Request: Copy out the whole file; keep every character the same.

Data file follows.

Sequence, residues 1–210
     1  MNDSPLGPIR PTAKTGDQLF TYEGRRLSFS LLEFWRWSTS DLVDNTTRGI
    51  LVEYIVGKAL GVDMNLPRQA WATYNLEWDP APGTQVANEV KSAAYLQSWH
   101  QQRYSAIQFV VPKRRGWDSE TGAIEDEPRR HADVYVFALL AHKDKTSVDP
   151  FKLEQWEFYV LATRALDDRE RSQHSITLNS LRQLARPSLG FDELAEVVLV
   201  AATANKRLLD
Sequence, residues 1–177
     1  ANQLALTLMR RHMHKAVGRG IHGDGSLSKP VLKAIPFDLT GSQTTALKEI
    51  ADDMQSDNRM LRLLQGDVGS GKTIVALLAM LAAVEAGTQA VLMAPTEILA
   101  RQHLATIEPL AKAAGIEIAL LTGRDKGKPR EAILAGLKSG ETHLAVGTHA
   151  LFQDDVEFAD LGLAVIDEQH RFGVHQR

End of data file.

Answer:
Sequence, residues 1–210
     1  MNDSPLGPIR PTAKTGDQLF TYEGRRLSFS LLEFWRWSTS DLVDNTTRGI
    51  LVEYIVGKAL GVDMNLPRQA WATYNLEWDP APGTQVANEV KSAAYLQSWH
   101  QQRYSAIQFV VPKRRGWDSE TGAIEDEPRR HADVYVFALL AHKDKTSVDP
   151  FKLEQWEFYV LATRALDDRE RSQHSITLNS LRQLARPSLG FDELAEVVLV
   201  AATANKRLLD
Sequence, residues 1–177
     1  ANQLALTLMR RHMHKAVGRG IHGDGSLSKP VLKAIPFDLT GSQTTALKEI
    51  ADDMQSDNRM LRLLQGDVGS GKTIVALLAM LAAVEAGTQA VLMAPTEILA
   101  RQHLATIEPL AKAAGIEIAL LTGRDKGKPR EAILAGLKSG ETHLAVGTHA
   151  LFQDDVEFAD LGLAVIDEQH RFGVHQR